The controversy has allowed Burns’s Democratic opponent, state Sen. Jon TesterJon TesterVulnerable senators raise big money ahead of 2018 'Kate's Law' battle shifts to the Senate, testing Dems Democrats go in for the kill on ObamaCare repeal MORE, to gain traction in the red state that President Bush carried by 20 points. Tester led by one percentage point in a recent Democratic poll.

A letter of exoneration would have made it more difficult for Democrats to continue to attack Burns. Without it, they will pound away.

“It’s safe to say that Burns’s relationship with Abramoff will continue to be an issue in the race,” Democratic Senatorial Campaign Committee spokes-man Phil Singer said.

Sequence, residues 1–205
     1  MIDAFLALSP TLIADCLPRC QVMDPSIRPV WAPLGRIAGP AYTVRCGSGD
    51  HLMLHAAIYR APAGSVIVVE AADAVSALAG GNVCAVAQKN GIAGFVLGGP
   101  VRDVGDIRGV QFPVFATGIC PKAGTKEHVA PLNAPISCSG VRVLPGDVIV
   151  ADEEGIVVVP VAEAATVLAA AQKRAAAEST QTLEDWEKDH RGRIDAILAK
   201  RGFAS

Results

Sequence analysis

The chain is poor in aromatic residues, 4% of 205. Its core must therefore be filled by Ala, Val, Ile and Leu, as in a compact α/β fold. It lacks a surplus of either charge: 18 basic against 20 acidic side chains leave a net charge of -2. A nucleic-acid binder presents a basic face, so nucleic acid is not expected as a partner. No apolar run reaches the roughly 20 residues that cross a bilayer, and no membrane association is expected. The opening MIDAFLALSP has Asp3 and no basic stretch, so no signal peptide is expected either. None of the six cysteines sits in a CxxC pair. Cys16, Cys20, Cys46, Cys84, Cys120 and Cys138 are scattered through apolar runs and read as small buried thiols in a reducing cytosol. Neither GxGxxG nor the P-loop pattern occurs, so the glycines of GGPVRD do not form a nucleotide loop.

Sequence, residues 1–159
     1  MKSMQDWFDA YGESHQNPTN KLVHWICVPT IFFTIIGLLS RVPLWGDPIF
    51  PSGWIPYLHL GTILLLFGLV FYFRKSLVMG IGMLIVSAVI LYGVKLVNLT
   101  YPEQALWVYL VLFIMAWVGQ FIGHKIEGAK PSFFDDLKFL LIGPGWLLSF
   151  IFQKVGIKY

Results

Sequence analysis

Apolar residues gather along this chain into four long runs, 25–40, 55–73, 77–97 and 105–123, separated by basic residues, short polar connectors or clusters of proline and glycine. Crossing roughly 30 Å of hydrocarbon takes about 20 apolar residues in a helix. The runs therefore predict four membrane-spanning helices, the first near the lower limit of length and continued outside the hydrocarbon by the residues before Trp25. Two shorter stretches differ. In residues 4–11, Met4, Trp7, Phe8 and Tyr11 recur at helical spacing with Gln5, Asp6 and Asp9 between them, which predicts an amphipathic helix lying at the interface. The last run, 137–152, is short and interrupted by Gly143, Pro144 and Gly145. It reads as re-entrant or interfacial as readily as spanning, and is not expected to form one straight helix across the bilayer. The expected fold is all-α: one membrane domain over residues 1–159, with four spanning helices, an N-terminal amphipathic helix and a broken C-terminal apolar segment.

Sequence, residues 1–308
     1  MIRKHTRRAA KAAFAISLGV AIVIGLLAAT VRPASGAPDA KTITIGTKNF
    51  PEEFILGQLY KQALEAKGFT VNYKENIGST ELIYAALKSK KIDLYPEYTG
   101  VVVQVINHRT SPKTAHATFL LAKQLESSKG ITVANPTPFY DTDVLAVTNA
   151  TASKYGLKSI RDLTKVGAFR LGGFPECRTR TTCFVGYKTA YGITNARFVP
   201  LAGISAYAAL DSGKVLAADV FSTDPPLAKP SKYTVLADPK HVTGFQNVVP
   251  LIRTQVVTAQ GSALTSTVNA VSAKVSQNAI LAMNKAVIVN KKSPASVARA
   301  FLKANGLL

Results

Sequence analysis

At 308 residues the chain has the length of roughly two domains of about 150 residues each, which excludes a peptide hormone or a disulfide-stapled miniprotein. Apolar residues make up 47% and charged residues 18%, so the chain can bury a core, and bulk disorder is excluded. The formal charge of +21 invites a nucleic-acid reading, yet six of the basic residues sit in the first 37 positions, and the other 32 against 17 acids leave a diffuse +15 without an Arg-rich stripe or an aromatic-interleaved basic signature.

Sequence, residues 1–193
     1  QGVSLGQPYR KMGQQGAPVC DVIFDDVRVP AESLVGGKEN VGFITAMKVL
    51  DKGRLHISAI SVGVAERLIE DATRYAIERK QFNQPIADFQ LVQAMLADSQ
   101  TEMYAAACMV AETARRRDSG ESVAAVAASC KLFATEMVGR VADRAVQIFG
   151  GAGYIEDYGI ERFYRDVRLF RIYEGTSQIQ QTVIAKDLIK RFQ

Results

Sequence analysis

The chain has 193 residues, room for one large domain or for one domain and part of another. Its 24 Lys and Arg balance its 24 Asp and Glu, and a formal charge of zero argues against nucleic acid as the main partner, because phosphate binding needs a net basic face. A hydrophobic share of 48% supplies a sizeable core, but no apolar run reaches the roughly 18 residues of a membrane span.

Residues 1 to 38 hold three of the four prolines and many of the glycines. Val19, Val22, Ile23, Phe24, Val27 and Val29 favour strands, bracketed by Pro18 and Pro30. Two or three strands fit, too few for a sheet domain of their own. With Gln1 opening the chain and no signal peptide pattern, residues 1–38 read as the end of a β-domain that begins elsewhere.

A source familiar with the dealings of the Ethics Committee said several senators, including Burns, wanted letters from the panel, but four lawmakers linked by opponents to Abramoff said they had not requested letters.

Democrats have also tried to link another vulnerable Republican, Sen. Rick Santorum (Pa.), to lobbying abuses in Washington, targeting him as a founder of the K Street Project, an effort to fill lobbying jobs with Republicans.

Santorum says he never met Abramoff and has no reason to try to clear his name through the Ethics Committee.

“I wouldn’t dignify Democrats trying to link me to something that I don’t have a link to,” he said.

Democratic Sens. Byron Dorgan (N.D.), Tom HarkinTom HarkinDistance education: Tumultuous today and yesterday Grassley challenger no stranger to defying odds Clinton ally stands between Sanders and chairmanship dream MORE (Iowa) and Debbie Stabenow (Mich.), who Republicans say helped Indian tribes represented by Abramoff, all said they had not asked or thought of asking the committee for help.